As the US population ages, hearing loss in seniors is expected to spike
Many seniors lose their hearing as they age; it’s a condition called presbycusis. Currently, doctors and other researchers aren’t sure why this condition affects some more than others. However, presbycusis does tend to run in the family. Exposure to loud noises is the other big cause of hearing loss.
Hearing loss research: even younger people’s hearing is getting worse
By 2020 it’s predicted that 15% of U.S. adults (44 million people) will have some form of hearing loss. By 2060, that number—for people 20 and over—will reach 23%.
These numbers have put extra pressure on researchers to find an affordable approach to help patients. Because, you see, Medicare doesn’t cover hearing aids, and these little devices can cost thousands of dollars. Which means seniors either have to find ways of paying the full cost or find an insurance agency that will pay part of it.
Hearing loss is only part of the problem
Senior advocates are worried about more than just the cost. In fact, cost is something that can—over time—be solved. What’s worrying senior advocates are the health and lifestyle problems hearing can cause.
For example, hearing loss can affect a person’s ability—and their interest—to engage in social activities. It’s embarrassing not being able to hear the people around you, and not knowing how loud you are talking can also be a source of embarrassment.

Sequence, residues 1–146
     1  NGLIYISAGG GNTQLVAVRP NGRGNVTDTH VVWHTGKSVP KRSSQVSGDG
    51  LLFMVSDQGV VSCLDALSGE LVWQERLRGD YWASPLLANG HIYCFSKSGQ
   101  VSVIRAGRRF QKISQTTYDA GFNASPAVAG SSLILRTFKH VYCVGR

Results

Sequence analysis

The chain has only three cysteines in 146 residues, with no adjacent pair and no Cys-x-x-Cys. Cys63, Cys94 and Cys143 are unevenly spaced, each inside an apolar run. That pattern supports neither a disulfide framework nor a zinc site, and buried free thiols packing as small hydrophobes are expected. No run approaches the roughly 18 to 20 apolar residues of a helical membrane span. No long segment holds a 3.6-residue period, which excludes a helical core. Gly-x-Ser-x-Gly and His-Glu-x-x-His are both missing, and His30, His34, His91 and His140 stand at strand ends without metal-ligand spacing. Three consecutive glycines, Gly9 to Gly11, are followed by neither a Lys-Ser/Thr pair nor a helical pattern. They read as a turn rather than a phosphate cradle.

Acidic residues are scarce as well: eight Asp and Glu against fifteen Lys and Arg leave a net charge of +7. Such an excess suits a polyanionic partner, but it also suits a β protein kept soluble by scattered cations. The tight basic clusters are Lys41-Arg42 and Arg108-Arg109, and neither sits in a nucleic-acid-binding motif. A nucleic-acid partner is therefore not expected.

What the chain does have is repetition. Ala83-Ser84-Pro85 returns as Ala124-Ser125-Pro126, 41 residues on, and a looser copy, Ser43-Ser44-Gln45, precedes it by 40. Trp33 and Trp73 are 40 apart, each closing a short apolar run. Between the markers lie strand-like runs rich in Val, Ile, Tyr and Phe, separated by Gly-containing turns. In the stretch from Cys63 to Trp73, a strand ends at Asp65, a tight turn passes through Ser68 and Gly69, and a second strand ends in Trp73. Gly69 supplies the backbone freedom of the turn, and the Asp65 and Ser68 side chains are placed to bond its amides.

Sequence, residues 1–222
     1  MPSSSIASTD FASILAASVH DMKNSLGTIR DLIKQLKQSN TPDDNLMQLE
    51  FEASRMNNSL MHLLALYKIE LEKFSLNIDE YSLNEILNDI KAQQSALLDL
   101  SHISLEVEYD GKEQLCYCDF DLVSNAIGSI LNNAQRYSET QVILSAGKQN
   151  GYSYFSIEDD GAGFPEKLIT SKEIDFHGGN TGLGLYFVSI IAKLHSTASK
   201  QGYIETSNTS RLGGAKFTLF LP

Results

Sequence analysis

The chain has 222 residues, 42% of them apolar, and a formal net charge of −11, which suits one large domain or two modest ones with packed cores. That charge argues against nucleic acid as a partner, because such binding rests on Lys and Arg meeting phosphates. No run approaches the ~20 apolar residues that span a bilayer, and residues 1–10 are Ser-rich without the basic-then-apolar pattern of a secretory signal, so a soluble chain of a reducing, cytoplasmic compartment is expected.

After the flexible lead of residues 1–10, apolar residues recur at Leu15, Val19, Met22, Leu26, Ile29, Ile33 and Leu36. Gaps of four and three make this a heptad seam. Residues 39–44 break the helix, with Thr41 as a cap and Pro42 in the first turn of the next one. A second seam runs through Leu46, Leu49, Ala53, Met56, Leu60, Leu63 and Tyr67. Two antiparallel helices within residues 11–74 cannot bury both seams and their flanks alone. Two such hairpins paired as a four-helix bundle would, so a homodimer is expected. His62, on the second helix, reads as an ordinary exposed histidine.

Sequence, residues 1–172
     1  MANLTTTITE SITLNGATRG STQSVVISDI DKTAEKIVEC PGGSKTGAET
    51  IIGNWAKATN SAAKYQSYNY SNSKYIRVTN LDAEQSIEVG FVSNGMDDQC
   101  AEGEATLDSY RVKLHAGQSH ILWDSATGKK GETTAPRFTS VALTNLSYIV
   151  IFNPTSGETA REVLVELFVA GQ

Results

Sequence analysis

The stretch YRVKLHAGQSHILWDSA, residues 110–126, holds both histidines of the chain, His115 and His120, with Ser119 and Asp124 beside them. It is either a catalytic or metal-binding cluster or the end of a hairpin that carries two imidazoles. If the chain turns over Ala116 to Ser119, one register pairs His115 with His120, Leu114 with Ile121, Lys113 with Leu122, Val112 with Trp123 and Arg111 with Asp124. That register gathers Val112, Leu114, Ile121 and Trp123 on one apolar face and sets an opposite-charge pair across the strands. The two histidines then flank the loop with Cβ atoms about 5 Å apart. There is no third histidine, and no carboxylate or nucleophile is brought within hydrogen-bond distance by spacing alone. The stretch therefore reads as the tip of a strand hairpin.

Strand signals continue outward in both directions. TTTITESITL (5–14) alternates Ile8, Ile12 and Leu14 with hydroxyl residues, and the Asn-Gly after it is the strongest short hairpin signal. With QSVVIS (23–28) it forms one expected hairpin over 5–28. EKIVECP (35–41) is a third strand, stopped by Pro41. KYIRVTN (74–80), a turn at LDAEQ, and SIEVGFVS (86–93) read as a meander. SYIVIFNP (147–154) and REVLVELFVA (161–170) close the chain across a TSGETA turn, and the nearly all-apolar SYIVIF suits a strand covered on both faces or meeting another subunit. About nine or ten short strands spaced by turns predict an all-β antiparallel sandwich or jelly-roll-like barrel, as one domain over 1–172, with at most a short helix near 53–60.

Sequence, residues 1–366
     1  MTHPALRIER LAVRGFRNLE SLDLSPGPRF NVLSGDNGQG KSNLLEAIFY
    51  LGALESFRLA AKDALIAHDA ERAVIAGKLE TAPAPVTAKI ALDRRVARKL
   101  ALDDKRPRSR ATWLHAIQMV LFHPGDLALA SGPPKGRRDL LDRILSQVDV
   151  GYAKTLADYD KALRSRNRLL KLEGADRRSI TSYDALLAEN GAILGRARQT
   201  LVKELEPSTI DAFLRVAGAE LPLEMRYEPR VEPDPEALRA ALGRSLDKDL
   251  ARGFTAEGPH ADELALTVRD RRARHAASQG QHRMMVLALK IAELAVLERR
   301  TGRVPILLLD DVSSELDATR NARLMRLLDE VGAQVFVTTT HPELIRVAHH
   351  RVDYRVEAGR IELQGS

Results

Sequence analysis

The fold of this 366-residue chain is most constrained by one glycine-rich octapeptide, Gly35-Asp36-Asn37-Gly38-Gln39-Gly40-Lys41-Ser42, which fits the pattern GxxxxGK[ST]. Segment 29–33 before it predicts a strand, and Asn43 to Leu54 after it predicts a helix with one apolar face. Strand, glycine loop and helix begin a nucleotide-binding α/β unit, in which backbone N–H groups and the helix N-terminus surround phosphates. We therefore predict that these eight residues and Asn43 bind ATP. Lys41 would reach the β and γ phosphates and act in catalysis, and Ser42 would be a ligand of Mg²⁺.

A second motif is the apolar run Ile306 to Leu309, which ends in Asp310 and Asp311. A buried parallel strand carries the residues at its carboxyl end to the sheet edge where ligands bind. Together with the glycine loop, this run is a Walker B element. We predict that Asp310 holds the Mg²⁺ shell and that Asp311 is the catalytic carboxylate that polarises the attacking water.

Hearing loss can, according to the American Academy of Audiology, lead to:
- Mental decline
Yet another problem is hearing loss is insidious—it’s slow, and once it starts happening it’s irreversible. It is highly recommended, by hearing specialists, that all seniors over 55 have their hearing tested.
How family can help make hearing easier
Here are 4 things seniors can do with their family to make hearing a little easier:
- Tell your family, and your friends, about your hearing loss. If they know you’re having trouble hearing, they can start to help you.
- Ask family, and friends, to face you when speaking. Seeing their faces move and the expressions the make may help you to understand them better.
- Ask people to speak louder—not shout. Just speak a little louder. And not to speak slowly, it’s more about speaking louder and clearly than anything else.
- If you aren’t actively listening to the TV or radio turn them off.
Woking with family, and friends, can help seniors live with bad hearing. At first, it will difficult to adjust for everyone. But remember—it’s hardest on those who are losing their hearing. Imagine their frustration: they know their hearing is going, and there’s not a great deal they can do about.
They can get hearing aids, or hearing implants, but the understanding and help from family will make them feel much better about themselves and their situation.
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